Five Takeaways from the Fed’s Latest Announcement on Regulation II
On Wednesday October 25th, the Federal Reserve Board of Governors affirmatively voted to release a proposal that would adjust all three portions of the debit card interchange cap.
In addition to the Fed’s proposal, the Board also voted to release the long-awaited 2021 report on Interchange Fee Revenue, Covered Issuer Costs, and Covered Issuer and Merchant Fraud Losses Related to Debit Card Transactions.
This blog breaks down elements of the Fed’s latest decision and provides an early look into the key takeaways from the Fed’s 2021 report.
Overview of the Fed’s Proposal
The Fed’s vote on Wednesday released a proposal which, if finalized without amendments, would adjust all three elements of the Fed’s current cap on debit card fees, which today applies to debit issuers with over $10 billion in assets. Introduced in 2012, the Fed cap was initially set at $0.21 per transaction, plus 0.05% of the transaction value, plus $0.01 as an adjustment for fraud prevention. The cap, directed by Congress to remain ‘reasonable and proportional’ to underlying issuer costs, has not changed since its implementation in 2011. While the transaction-weighted average issuer authorization, clearing, and settlement (ACS) cost has nearly halved since that time, falling from $0.077 in 2009 to $0.039 in 2021, this year marks the first formal review of the debit interchange cap by the Fed.
Table 1 provides a breakdown of the proposed new cap values. CMSPI estimates merchants would’ve saved $3 billion annually were the new cap introduced in 2021, which comes out to an average reduction of 11bps in the cost of regulated debit.
Table 1. Federal Reserve’s Proposed Debit Cap Components
In addition to the adjustments to the three elements of the cap, the Fed Board proposed codifying in Regulation II an approach for updating the three components of the cap every other year based on the latest data collected from networks and issuers reported by the board. This automatic review would implement a new cap based on the methodologies outlined in Table 1 consistent with data contained in the latest report on Interchange Fee Revenue, Covered Issuer Costs, and Covered Issuer and Merchant Fraud Losses Related to Debit Card Transactions. The automatic review mechanism would potentially kick-in as early as as July 1, 2025, meaning the proposed cap may only be in force for a few months before a second revision of the cap is implemented.
Other Possible Mechanisms for Adjusting the Per-Transaction Fee
While the Fed’s proposal suggests a base element cap of $0.144 per transaction, it also outlines an additional four scenarios under which the base cap could range from as high as $0.18 to as low as $0.11. These ranges are associated with different levels of regulated-issuer cost recovery, with the $0.18 cap associated with 99.5% of covered transactions recouping underlying relevant costs, and an $0.11 cap associated with 95% of covered transactions recouping underlying relevant costs. In Figure 1, we outline the various savings associated with each target for cost recovery.
Figure 1. Estimated Annual Savings and Average Effective Rate Reductions by Cost-Recovery Target(1)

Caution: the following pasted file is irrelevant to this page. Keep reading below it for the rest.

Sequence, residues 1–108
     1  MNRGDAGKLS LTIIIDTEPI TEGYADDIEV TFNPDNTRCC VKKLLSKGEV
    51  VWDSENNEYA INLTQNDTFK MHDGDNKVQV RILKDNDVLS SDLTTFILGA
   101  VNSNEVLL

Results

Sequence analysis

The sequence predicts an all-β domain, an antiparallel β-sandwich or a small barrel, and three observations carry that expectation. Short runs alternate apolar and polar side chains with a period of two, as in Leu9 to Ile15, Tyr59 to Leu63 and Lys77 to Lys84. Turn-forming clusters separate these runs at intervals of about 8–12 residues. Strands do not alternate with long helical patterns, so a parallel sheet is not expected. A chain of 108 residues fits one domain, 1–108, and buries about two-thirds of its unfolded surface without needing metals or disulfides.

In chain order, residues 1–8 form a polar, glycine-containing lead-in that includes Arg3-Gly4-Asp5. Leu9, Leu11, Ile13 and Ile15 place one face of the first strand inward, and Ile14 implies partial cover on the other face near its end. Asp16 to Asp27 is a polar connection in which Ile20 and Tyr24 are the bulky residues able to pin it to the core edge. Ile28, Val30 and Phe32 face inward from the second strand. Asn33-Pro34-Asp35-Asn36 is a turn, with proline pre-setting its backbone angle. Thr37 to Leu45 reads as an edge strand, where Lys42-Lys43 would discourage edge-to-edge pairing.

Five key takeaways from the Fed’s 2021 report and proposal to revise the regulated rate
1. Exempt issuance is on the rise
Rising from 33% in 2011 to nearly 40% in 2021, issuance of cards by banks under the asset threshold (and therefore not subject to the fee cap) has seen a steady climb in its share of total debit spending (Figure 2). As of 2021, unregulated issuer interchange as a share of transaction value was 1.18%, a figure which is up six bps since the introduction of the cap and nearly 2.3 times the average regulated issuer interchange. Part of this increase in spending can be explained by the recent boom in partnerships between unregulated issuers and nascent fintechs with card programs. A recent review of fintech relationships with unregulated banks found that only one of 25 fintechs partnered with a regulated debit issuer.(2) This activity has been so rampant that some regulators are beginning to take notice given its potential impacts on the broader banking system.(3)
Figure 2. Share of Debit Spending Split by Regulated and Unregulated Cards
2. Single-message debit spending has declined and remained low on Card Not Present transactions
Across both regulated and unregulated issuers, single-message networks have lost share of overall spending. Single-message networks tend to be associated with PIN and PINless technologies, and, as a result of limited enablement, merchant availability to route via single-message networks has been limited.(4) These limitations are one factor that likely spurred the Fed’s October 2022 clarification of Regulation II which requires two networks to be made available for all types of debit transactions, including online transactions. As a result of the announcement, there’s been a significant shift in the availability of CNP enabled debit networks according to CMSPI estimates, and we anticipate the 2023 report to show meaningful growth in CNP single-message volume.
Looking at CNP volumes in particular, aggregate single-message volumes remain low (Figure 3). In fact, as of 2021, the ratio of dual-message to single-message volumes was 21:1 – meaning that for every dollar spent on single-message networks, there were $21 dollars spent on dual-message networks in a CNP environment.